University of Oklahoma meteorological graduate student Patrick Marsh hopes to get pictures of snow on the ground today from all 50 states. Not sure if he’ll make it, but Dewey from Detroit has posted a song to mark this unusual event. You probably know the tune.
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There are dozens of parodies of the scene from the German movie Downfall about Hitler’s last 10 days in the bunker below the Reichs Chancellery. This one, however, has to come pretty close to summing up how the Democrats and Pres. Obama feel after Republican Scott Brown’s election to finish Sen. Ted Kennedy’s (D-MA) term.
Pundits are busy huffing and puffing about the meaning of Brown’s victory in staunchly Democratic Massachusetts. It seems to me the Democrats have been mad with power. Witness Sen. Majority Leader Harry Reid’s handling of the healthcare bill. But polls suggest the people are tired of being ignored by their elected representatives. Incumbents of either party should fear if they’ve failed to faithfully represent the will of their constituents. Otherwise, come November, they face the same fate as those in the video.
HT: Dvorak Uncensored
The Freep‘s first cartoon contest of 2010. The point? Suggest what belongs in the bubble above Gov. Granholm.
Personally, I think it’s perfect just the way it is. This is her last year in office. There’s no reason to expect Granholm to be any more effective in 2010 than she was last year. She was virtually absent from the budget debate, except to blamethrow, exhibiting a total lack of leadership.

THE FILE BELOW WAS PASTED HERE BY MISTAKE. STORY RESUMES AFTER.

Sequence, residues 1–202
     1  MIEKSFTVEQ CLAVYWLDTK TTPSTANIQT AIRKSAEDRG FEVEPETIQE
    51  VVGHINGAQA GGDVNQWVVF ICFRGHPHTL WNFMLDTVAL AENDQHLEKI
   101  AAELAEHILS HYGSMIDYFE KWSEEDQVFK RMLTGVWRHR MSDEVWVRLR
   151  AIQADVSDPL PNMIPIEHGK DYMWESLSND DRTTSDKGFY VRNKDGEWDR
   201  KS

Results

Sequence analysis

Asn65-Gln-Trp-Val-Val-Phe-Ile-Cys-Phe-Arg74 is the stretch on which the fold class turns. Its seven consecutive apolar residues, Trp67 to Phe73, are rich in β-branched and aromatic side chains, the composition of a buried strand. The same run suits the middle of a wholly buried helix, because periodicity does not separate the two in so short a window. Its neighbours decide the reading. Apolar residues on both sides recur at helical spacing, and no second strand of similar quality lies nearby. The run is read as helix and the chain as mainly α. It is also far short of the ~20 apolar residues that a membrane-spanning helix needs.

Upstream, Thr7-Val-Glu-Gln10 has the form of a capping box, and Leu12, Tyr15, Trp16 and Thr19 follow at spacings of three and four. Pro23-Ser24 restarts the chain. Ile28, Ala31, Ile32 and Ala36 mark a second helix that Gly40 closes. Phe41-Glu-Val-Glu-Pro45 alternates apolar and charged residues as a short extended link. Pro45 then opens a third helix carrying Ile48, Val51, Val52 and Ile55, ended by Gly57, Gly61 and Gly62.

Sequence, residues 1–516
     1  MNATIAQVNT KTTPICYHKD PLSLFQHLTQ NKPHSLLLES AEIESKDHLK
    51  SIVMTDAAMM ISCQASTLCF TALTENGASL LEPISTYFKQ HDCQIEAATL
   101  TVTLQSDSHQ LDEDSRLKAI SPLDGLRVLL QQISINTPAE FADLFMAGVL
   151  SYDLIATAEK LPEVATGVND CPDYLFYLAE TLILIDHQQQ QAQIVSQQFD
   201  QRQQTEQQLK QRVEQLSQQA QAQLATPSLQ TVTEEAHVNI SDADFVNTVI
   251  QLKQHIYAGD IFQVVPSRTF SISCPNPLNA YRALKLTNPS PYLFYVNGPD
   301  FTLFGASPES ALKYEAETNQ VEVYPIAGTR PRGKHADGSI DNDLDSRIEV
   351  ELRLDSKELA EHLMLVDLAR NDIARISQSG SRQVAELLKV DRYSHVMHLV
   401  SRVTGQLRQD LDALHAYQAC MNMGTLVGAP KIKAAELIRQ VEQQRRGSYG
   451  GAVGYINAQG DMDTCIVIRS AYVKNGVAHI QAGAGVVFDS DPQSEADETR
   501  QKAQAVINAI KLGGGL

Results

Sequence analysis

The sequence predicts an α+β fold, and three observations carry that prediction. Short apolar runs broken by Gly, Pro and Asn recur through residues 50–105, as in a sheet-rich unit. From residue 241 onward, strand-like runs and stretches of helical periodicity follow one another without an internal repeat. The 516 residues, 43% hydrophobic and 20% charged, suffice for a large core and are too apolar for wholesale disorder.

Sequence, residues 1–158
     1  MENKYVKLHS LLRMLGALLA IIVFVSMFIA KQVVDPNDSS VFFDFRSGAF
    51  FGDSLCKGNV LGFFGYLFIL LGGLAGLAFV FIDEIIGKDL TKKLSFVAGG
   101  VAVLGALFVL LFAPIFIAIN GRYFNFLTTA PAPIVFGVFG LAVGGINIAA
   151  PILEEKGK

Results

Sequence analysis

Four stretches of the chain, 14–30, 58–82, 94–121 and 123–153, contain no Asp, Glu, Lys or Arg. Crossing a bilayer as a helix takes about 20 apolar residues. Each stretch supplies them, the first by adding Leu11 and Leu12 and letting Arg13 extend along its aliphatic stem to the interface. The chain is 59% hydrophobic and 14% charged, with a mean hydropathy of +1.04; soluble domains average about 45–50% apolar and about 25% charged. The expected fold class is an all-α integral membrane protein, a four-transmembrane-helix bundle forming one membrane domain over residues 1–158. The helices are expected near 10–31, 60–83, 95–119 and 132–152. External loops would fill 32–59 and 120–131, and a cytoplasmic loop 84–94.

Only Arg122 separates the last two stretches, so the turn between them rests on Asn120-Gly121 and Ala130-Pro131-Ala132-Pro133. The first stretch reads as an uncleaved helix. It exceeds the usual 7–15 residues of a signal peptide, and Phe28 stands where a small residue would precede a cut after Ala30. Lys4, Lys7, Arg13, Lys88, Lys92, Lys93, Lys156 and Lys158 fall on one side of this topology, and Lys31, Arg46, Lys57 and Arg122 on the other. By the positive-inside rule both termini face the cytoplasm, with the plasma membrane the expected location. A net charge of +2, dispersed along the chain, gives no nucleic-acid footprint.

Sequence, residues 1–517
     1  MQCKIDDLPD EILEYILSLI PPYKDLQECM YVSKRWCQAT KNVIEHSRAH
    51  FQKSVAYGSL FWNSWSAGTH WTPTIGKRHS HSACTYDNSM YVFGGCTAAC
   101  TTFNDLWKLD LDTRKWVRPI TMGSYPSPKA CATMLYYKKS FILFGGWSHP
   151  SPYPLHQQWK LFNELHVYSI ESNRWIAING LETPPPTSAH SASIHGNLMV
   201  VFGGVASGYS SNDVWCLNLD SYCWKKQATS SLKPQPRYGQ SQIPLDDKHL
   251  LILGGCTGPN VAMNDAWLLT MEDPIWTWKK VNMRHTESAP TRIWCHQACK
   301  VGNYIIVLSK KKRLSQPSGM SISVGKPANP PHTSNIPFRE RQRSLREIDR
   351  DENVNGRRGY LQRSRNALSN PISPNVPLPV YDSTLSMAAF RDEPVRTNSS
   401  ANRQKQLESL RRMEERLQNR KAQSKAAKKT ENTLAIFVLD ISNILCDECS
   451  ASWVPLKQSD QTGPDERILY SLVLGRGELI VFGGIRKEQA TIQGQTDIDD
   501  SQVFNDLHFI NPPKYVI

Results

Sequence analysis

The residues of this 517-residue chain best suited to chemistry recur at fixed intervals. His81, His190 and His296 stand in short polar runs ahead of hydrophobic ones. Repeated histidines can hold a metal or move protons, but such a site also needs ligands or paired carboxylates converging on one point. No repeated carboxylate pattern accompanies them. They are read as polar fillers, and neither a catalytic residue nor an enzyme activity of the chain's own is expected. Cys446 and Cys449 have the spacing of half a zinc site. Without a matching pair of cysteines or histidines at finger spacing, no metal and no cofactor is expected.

Lake Superior State University, located in Sault Ste. Marie in Michigan’s upper penninsula, released its 35th annual list of banished words. The list started during a New Year’s Eve party in 1975. Since then it has been an annual effort to banish words and phrases from the Queen’s English for misuse, overuse, and general uselessness.
Said a word banishment spokesperson, “the list this year is a ‘teachable moment’ conducted free of ‘tweets. In these economic times’, purging our language of ‘toxic assets’ is a ‘stimulus’ effort that’s ‘too big to fail’.”
The List of Banished Words is developed from reader submissions. Here are the 2010 banished words and phrases.
- Shovel-ready—a project fully designed but waiting for work to begin
- Transparent/transparency—easily understood and fully disclosed
- Czar—a specialized, high authority appointment
- Tweet—sending a message on Twitter; also banned are all tweet’s variations, such as tweetaholic, retweet, twitterhea, twitterature, and twittersphere
- App—as in applets for the iPhone
- Sexting—sending sexually explicit pictures and text messages by cell phone
- Friend as a verb—adding someone to your network on social media sites; also banned are the related friending, unfriend, and unfriending
- Teachable moment—how about just plain lesson?
- In these economic times…—aren’t all times economic?
- Stimulus—it’s just plain overused and has no clear boundaries (or effect, that I can see)
- Toxic assets—a euphemism for bad investments and debt
- Too big to fail—no one knows if anything’s too big to fail because we’ve never seen it happen
- Bromance—a close relationship between two straight males